James is appealing against the decision with the help of his local Citizens Advice
Bureau.
Annette Cassam, of Rotherham and District Citizens Advice, says: “This case raises
many questions about how Atos assesses people for fitness for work.
“We accept the assessments were completed for different reasons but can’t
understand how the same company can do two assessments on the same person
and produce such contradictory results. Mr Grindle is understandably confused
about his position. This needs to be looked into.”
James is just one of tens of thousands of people being refused benefits after they
have gone through a Work Capability Assessment to find out if they are fit for
work.
The assessment is part of the Government’s sweeping changes to the benefits
system that are meant to make things simpler and fairer, to ensure that only those
who are genuinely entitled get the help they need.
But huge numbers of the most vulnerable – those seriously ill and disabled – are
being hit hard and left penniless.
Citizens Advice chief executive Gillian Guy said: “Sadly James is not an isolated
case.
“We are seeing a lot of very sick and seriously disabled people being wrongly
denied ESA and being put through enormous additional stress and hardship at a
time when they most need support.
“In most cases they have worked and paid into the system all their lives –
sometimes over three or four decades – believing this will protect them if they
become too ill to work. They are feeling very betrayed and frightened for the
future.”
CAB says it has serious concerns about the test used to decide if people are fit for
work and the way it’s carried out. In too many cases medicals are rushed, people
aren’t listened to, information is recorded inaccurately or ignored and medical
evidence from the doctors treating people isn’t taken into account.
Gillian adds: “We wouldn’t allow a private contractor to let us down on the
Olympics. We can’t allow one to let down disabled people.
“Mistakes by Atos have a human cost and a cost to the taxpayer. Getting medical
assessments right first time is absolutely essential to making sure seriously ill and
disabled people get the support they are entitled to and cutting the number of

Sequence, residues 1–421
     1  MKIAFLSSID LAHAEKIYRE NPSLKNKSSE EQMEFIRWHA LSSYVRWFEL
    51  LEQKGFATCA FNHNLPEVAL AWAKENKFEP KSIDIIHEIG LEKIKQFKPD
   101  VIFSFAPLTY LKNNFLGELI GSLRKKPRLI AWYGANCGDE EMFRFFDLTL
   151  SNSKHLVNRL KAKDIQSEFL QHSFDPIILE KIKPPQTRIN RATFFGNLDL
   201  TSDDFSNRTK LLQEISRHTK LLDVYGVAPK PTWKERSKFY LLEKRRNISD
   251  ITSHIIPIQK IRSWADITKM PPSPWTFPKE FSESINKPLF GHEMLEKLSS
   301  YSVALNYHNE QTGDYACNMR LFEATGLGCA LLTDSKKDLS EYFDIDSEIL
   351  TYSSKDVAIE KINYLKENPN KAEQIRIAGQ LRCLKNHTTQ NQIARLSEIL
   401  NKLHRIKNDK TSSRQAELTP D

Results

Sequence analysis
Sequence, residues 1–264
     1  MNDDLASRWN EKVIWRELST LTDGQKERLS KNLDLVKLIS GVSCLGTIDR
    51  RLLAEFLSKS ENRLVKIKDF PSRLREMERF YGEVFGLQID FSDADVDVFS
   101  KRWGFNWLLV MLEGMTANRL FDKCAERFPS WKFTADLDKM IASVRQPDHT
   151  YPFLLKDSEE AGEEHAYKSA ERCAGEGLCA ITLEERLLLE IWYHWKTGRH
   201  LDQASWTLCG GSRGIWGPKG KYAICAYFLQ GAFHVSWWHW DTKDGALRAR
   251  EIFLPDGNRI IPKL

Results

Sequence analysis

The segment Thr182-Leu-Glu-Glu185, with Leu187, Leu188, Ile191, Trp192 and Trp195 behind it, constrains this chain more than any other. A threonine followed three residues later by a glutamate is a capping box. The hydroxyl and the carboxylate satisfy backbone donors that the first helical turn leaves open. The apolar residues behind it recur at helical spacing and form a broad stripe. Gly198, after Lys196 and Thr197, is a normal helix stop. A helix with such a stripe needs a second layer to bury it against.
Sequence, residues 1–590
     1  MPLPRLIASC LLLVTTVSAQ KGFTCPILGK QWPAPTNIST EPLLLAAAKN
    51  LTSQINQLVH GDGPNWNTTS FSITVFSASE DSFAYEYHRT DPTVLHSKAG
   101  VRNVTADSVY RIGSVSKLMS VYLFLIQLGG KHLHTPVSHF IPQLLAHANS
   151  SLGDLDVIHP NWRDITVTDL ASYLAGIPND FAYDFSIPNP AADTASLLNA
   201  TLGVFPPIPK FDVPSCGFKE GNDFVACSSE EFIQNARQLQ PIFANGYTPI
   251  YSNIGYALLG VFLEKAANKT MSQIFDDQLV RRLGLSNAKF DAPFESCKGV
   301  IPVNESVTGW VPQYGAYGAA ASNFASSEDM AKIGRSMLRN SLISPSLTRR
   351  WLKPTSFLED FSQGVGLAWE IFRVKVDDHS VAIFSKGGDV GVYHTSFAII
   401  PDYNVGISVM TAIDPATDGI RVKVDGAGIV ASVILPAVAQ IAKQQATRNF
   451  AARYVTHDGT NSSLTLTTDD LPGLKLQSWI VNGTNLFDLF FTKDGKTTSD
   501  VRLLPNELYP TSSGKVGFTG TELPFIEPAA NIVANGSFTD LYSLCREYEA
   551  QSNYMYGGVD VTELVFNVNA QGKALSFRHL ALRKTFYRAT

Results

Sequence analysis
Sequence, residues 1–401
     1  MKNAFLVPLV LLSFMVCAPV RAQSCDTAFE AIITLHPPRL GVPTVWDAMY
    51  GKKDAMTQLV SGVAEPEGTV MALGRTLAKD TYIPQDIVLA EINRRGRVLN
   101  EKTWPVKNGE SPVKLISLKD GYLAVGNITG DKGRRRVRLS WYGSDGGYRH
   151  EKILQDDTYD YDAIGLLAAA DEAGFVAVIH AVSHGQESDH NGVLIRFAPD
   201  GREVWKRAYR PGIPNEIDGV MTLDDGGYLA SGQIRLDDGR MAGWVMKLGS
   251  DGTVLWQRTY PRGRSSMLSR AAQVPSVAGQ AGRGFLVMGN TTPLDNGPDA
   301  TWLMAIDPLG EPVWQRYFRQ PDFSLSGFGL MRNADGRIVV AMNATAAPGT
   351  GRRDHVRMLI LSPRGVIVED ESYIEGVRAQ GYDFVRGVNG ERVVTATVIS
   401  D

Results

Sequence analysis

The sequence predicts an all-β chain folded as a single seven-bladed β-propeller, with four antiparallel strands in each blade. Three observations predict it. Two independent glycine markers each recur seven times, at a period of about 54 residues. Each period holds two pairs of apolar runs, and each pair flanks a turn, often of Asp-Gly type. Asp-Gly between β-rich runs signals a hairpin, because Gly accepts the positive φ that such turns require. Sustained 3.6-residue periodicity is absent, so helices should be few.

unnecessary appeals. Private companies on government contracts must be -
accountable to the public. We want to see Atos face a fine for every inaccurate
report they produce.”
Emotional
Atos were awarded the contract to carry out assessments from the Department for
Work and Pensions in 1998 and have just had it renewed through to 2015.
They say they cannot comment on individual cases but the Work Capability
Assessment is not to diagnose or treat a medical condition but instead to look at
someone’s ability to work. A spokesman said: “We know applying for benefits can
be an emotional and difficult time, which is why we do all we can to make the
part of the process we’re responsible for as straightforward and comfortable as
possible.
“We carry out all assessments within the criteria and policy guidelines set by the
Government and do not make any decisions on benefit entitlement.
“The assessment by us forms an important but single part of information used by
the department to make its decision on benefit entitlement.”
Fastest-growing problem
CAB advisers helped with more than 97,000 ESA problems between January and
March this year – up 71% compared with the same quarter last year, making ESA
the fastest-growing advice issue seen in bureaux.
In the same period, CAB recorded an 82% increase in advice about appeals against
ESA decisions. Latest official Department of Work and Pensions figures say 38% of
appeals against ESA decisions are successful.
CAB advisers estimate the success rate at appeal, where someone receives
specialist CAB advice and is represented, is 80%.

				
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Description: Hard-working former delivery worker James is denied a lifeline by government cuts